I begin with three non-sequiturs.
- Am I just more aware of functional programming thanks to my recent study of On Lisp? Or am I witnessing a fashion shift in popular programming techniques?
- Guy Steele recently defended his work on Java "we were after the C++ programmers. We managed to drag a lot of them about halfway to Lisp. Aren't you happy?"
Can I weave them into a coherent story?
I have an imaginary origin for Groovy, whether or not it actually happened this way in reality. First, I need to set the stage. I've been lurking around James Strachan and Bob McWhirter since meeting them through Jason van Zyl and Turbine and Maven. I've been subscribed to James' and Bob's blogs since I started blogging. In fact, James introduced me to the blogsphere, both because it was his blog I read first and because he was among the first to blogroll mine (thanks, James, on both counts).
Back to Groovy. I imagine that it was friction between James' interesting and useful work on Jelly and Bob's rightful distain of programming in angle brackets which spawned Groovy. Clearly there's some Jython, Python, and Ruby mixed in too as evidenced by the excellent use of closures and other functional goodness.
If Java brought C++ programmers half-way to lisp, I think Jython, Python, Ruby, and Groovy are going to take Java programmers another quarter of the way. XP and unit testing will help this along because unit tests do more for your code than the compiler and these dynamic languages make programming faster.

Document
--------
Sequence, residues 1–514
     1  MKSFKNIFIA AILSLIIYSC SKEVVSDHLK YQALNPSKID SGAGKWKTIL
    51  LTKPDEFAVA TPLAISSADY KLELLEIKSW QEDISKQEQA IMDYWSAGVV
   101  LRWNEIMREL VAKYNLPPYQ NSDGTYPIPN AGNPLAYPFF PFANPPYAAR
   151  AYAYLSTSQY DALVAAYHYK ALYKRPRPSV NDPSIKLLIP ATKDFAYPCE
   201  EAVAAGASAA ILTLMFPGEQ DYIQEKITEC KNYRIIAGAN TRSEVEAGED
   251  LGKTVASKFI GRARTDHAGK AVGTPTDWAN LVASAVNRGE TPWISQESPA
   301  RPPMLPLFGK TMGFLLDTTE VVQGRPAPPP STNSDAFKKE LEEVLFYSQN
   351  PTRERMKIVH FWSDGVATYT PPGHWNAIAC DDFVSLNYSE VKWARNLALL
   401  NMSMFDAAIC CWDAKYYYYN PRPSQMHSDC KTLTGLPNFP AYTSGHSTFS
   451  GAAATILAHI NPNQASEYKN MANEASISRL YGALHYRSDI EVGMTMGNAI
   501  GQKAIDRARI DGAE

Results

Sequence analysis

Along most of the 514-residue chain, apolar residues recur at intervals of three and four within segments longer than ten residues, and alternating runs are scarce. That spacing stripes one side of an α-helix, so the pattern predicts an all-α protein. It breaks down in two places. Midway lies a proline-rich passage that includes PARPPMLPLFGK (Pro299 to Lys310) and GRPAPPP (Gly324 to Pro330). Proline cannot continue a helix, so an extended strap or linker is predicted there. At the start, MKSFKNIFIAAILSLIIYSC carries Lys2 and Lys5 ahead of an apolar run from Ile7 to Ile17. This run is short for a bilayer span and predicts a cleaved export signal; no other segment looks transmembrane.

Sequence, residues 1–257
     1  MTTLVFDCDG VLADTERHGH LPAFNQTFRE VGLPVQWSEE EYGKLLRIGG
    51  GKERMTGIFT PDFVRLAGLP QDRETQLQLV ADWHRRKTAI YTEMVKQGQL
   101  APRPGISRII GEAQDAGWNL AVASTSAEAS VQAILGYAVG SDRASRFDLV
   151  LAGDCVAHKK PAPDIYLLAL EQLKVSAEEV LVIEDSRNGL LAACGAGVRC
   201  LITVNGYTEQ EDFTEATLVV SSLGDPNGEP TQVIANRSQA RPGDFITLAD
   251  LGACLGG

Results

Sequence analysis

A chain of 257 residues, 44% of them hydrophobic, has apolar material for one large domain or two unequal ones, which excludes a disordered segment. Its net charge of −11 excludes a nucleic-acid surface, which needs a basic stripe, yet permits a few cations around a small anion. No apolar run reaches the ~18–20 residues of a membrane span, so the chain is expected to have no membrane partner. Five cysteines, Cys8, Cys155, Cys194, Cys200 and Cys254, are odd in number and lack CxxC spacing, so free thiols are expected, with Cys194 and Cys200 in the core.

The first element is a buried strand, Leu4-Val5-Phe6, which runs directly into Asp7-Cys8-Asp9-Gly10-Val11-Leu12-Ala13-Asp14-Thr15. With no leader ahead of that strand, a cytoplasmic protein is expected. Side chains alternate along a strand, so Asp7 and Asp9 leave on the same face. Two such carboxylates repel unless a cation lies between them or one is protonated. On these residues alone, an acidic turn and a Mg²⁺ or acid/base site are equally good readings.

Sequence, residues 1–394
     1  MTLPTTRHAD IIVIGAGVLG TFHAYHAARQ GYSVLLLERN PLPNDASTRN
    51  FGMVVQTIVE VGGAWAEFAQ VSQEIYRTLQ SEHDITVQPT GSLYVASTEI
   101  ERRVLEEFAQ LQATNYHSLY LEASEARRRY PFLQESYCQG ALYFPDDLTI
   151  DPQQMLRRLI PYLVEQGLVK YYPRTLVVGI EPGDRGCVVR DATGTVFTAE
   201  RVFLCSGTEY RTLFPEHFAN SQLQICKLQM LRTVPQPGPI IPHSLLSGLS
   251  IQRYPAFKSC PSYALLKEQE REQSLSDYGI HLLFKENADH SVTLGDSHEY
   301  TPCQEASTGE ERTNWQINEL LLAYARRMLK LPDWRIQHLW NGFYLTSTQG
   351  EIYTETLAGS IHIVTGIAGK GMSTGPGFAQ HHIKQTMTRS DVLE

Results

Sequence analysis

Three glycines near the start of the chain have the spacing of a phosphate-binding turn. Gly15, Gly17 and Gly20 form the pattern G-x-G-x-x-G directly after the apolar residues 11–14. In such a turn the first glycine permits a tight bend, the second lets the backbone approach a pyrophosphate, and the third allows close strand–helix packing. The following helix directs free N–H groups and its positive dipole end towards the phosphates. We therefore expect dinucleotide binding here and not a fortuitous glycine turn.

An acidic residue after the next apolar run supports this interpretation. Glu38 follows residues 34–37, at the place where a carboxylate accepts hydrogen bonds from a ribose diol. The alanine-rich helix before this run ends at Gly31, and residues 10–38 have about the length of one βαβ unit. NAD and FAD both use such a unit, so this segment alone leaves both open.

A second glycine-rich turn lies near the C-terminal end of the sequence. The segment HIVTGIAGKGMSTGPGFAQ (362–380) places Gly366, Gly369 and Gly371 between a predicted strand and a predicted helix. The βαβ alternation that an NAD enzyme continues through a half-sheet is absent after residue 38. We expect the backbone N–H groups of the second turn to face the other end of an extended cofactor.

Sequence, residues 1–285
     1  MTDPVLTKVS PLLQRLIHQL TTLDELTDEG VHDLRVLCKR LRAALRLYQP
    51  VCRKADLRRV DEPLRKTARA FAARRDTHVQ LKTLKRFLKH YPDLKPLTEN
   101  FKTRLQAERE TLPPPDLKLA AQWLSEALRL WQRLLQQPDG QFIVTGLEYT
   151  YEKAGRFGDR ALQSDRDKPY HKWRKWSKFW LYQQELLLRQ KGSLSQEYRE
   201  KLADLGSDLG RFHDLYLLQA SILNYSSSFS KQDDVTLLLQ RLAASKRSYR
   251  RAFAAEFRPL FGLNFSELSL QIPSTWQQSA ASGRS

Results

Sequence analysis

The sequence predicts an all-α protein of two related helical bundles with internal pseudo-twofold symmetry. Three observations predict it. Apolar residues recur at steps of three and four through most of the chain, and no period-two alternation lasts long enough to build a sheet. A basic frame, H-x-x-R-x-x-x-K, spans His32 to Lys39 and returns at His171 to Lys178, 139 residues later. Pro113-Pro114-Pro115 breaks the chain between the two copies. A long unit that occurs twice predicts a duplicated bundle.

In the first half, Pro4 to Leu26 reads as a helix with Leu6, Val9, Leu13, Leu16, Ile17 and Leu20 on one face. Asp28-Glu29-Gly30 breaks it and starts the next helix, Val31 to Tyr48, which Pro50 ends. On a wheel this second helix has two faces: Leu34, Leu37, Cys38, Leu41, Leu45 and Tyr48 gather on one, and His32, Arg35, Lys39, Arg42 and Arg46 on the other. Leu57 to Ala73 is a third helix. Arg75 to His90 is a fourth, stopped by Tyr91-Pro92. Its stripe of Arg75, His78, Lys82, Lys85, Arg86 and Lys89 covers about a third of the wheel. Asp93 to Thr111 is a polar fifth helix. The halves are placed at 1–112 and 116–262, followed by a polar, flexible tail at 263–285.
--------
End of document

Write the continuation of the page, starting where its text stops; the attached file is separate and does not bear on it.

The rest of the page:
Moreover, Aspect Oriented Programming will take Java programmers another eighth of the way to lisp. CLOS has a notion of before, after, and around methods which I think map nicely to various things I've seen in AOP. But I made the assertion at work today that what people are trying to do with aspects in Java would probably be done primarily with macros in lisp. Of course I'm speaking primarily from my intuition having done vanishing little with either aspects or macros.
I suppose I'm just projecting my own programming growth path onto the Java programming community as a whole. I only recently groked closures. Understanding macros and continuations came rather quickly after that, though actually groking those will be a while unless I start doing real work in lisp.
In the past week at work, I've been rhetorically asking why not just throw out all this perl code and rewrite it in lisp? It's a lot of code to rewrite. No customers are asking us to program in lisp. None of our problems specifically demand it. Perl is a much larger community, therefore there are probably more useful libraries available, broader documentation. One thing new customers fear is vendor lock-in. When they don't know us yet, they don't trust us yet. If the code they pay for is in perl, it will be easier for them to find someone else who can work on it than if it were in lisp.
My other imaginary story is that the Java community (and by competitive pressure the VB and .NET communities too) will collectively learn different ways to think from Groovy and Jython and AOP. Those ways of thinking will lift the veils of mystery from lisp and make it into a popular enterprise programming language. Of course it could work out differently. Maybe Service Oriented Architectures will teach us all to think in terms of messages like Smalltalk programmers.